The Poetry Project

Translating in the Black Atlantic

Bruna Barros and Jess Oliveira

Sem a Prática da Tradução Negra Não Há Internacionalismo Negro
Without the Practice of Black Translation There is No Black Internationalism

The linguistic pluralism we have in the diaspora can be a paradigm for the transnational struggle. Also through it, we can look at our herstory in a global - not only local - level. It can also be a means to:
less isolation
more exchange
less intrusion
more us, about us.

We are archives, we have a linguistic-sensual-memorialistic-futuristic collection that goes beyond tongues and national borders. This common tongue we share as a productive space of critical-creative fabulation is made of mythical-poetical motivations, it is (the production of ) ourselves.

To translate ourselves is a mirror-looking learning process.
Re-encounters
imagined, dreamed, articulated and encoded by our ancestors,
re-encounters with them.

And there is so much more than the written modern colonial European languages to be translated among us:

There are eyes and looks and
the way our bodies move
there are dances and smiles
and secret
plans
and symbols
and sounds
and maps
sensations
there is the intricate intermingle of our cells
and there are our differences

all of them
impossible to translate
but still we play
and trace our plans
still we feel
still we pray
always (for) Eshu

We need to challenge and scrutinize our differences within the Black diaspora, the grammars of blacknesses around the world. The practice of translation within black transnational communities can be of great use in this exercise.

The matter of dealing with languages that are not our own - but which we have to own

this one is for black folks esse aqui é pro povo preto
this one is for the snap divas
this one is for the muxoxos, the clickers, the hmmm mms
this one is for the dykes, the greatest tongue masters
(shoutout to the multilingual sapatonas)
this one is for our ancestors who spoke in tongues
this is a celebration poem:

we share a body language
in color, shape and manner

The struggle is real

I call my sister and she says hello
she feels understood when I laugh at her jokes
even though
she can’t even begin to grasp mine

I taste her interdentals when I have breakfast
then brunch
then dinner
my tongue tires trying to memorize
how to stand between my teeth and the air I breathe

I call my sister and she asks how are you
I say tô bem
she laughs because it is so funny
my accent is, she tells me
she eats the arroz e feijão I cook for her
she chews the nasal vowel I offer her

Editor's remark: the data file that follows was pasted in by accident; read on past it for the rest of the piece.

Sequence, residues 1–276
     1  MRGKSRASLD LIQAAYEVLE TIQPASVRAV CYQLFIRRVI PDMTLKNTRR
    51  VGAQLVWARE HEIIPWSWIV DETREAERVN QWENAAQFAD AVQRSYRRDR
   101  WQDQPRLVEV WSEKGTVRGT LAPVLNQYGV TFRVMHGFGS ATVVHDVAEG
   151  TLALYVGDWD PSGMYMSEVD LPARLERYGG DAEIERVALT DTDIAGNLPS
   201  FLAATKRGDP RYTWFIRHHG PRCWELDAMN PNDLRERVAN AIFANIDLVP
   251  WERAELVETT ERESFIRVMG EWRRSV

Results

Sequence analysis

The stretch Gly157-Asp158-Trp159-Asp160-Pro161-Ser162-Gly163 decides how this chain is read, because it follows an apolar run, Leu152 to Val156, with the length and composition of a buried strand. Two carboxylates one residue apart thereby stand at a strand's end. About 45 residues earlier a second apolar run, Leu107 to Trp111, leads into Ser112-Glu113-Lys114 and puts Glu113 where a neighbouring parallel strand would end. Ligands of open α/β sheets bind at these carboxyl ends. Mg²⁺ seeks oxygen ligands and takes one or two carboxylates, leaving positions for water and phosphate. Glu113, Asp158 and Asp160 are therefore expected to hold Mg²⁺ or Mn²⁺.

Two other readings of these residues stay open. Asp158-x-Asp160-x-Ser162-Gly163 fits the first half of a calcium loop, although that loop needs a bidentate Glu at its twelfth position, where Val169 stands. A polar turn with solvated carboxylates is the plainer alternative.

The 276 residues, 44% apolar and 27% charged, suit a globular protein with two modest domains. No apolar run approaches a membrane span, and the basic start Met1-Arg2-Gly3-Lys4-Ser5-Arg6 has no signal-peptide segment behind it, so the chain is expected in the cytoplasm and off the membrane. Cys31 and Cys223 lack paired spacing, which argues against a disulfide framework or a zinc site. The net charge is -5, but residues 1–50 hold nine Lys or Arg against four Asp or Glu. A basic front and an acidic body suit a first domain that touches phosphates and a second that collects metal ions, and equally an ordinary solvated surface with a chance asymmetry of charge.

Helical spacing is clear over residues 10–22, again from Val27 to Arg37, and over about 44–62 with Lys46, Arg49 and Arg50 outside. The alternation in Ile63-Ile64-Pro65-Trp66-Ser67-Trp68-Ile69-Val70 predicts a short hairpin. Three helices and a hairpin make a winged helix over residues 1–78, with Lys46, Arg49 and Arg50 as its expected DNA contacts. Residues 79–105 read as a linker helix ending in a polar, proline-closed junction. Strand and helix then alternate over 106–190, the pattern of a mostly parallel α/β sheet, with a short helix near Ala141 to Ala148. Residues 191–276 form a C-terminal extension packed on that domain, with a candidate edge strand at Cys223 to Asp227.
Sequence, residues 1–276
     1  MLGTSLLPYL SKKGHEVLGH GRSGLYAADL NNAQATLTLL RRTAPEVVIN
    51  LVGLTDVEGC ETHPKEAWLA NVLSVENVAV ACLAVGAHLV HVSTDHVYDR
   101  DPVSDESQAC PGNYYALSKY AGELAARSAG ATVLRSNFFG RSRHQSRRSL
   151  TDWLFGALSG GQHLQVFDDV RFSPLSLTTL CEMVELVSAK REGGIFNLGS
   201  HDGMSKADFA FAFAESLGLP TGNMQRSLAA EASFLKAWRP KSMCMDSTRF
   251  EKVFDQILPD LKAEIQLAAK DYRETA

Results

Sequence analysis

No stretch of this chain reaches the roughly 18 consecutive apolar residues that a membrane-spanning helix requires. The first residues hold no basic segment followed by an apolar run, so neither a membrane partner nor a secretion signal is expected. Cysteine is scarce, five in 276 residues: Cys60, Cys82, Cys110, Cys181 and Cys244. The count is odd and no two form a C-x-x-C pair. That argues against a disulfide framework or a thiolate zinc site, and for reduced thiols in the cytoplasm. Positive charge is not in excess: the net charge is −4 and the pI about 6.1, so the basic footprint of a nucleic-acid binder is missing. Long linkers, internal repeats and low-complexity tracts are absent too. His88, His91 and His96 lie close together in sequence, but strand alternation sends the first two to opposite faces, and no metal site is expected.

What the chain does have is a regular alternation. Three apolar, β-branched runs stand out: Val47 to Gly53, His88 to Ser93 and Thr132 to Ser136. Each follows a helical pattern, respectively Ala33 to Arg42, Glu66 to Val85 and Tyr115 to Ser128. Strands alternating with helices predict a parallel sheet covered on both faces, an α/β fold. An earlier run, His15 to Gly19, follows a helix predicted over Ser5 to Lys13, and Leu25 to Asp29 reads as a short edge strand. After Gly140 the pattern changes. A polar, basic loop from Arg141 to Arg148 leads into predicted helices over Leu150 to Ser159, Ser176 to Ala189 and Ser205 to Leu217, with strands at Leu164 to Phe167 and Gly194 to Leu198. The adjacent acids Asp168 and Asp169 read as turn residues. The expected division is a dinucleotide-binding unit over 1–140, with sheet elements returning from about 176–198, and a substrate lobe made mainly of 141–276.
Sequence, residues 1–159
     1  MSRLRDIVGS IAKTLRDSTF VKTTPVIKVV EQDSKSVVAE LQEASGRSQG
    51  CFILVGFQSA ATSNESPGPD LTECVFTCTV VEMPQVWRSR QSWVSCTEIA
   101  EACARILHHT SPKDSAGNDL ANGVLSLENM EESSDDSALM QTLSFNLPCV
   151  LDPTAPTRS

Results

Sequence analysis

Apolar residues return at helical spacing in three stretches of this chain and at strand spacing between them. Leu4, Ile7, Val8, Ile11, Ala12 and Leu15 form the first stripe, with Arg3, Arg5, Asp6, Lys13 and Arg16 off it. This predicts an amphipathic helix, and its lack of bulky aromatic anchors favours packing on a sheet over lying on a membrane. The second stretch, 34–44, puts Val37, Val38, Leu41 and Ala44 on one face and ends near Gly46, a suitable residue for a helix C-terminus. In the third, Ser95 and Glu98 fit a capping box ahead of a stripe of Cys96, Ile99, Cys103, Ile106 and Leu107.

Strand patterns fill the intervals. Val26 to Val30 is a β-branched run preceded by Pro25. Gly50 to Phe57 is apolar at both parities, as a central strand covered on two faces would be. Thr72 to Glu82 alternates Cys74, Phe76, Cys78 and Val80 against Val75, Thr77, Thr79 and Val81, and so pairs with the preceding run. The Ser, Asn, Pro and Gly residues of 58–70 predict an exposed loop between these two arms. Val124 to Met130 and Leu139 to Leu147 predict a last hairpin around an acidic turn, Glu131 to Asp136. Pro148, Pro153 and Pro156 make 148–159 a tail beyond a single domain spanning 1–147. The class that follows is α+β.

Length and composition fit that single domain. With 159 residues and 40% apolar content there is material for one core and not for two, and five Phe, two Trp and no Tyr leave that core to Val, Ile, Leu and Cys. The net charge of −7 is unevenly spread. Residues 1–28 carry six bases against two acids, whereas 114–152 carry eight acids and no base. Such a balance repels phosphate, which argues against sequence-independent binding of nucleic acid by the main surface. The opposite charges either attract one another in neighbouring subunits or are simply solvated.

but she never swallows

I was never able to get
a porra do visto
but she comes here whenever she pleases
she never knocks, she’s funny like that
she feels at home
because I try to sound like her

because she recognizes the joy and the pain
but she can also fly away

I wonder if she can really understand me
if we can unify the struggle
if she can’t see me struggling to understand her

if the struggle is real, elas que lutem
amém, a luta continua

Disclaimer

I don’t speak portuguese
I don’t speak spanish
I speak pretuguês
I am cheia de manha
I like it when my dengo me faz um cafuné
I give her a xêro

Trespass

if black internationalism can't exist without translation,
who are the ones translating?
if translation is the key to the cultural borders,
who drew them?
who got the passports?
how can we belong to a state nation?
when all they ever did to us was teach us
how to long
betrayed by national tongues
who didn’t raise us
(why would we call them mothers?)

I’m the earth’s daughters
the oceans will not be my grave
they’ll be my ways
through them I shall walk
and connect

Translating in the Black Atlantic - The ethics and aesthetics of translation

Find a friend you really like
grab a bottle of something - your throat will need it
translation is a conversation
you can cook together,
mincing vegetables you grew yourselves
don’t chase the words - they’ll come to you
instead, sit by a breezy place
let the sun bathe you
listen to your friend
create, write and make
dream up
and remember
remember
remember

Translating Natasha A. Kelly’s lecture together in Salvador, Brazil. 2019. © Amanda Julieta
Translating Natasha A. Kelly’s lecture together in Salvador, Brazil. 2019. © Amanda Julieta

Um sorriso negro
um abraço negro
traz felicidade

(Sorriso Negro by Adilson Barbado, Jair de Carvalho and Jorge Portela)

Jess Oliveira performing May Ayim’s poetry in Brazilian portuguese in the dramatic reading “AFROKULTUR: The Space Between Yesterday and Tomorrow”, by Natasha A. Kelly, at FIAC (International Festival of Performing Arts) in Salvador, Brazil. 2019. © Florian Boccia
Jess Oliveira performing May Ayim’s poetry in Brazilian portuguese in the dramatic reading “AFROKULTUR: The Space Between Yesterday and Tomorrow”, by Natasha A. Kelly, at FIAC (International Festival of Performing Arts) in Salvador, Brazil. 2019. © Florian Boccia

#260 — Feb/March/April 2020

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